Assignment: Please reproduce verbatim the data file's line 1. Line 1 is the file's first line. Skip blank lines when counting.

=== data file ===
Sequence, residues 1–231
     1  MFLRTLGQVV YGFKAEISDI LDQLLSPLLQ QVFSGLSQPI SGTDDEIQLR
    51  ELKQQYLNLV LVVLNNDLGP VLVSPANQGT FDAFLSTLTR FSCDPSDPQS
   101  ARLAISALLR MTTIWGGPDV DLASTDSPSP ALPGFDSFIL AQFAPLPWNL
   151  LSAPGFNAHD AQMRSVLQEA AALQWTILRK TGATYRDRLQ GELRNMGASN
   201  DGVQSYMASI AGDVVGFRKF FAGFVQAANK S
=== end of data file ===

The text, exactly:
Sequence, residues 1–231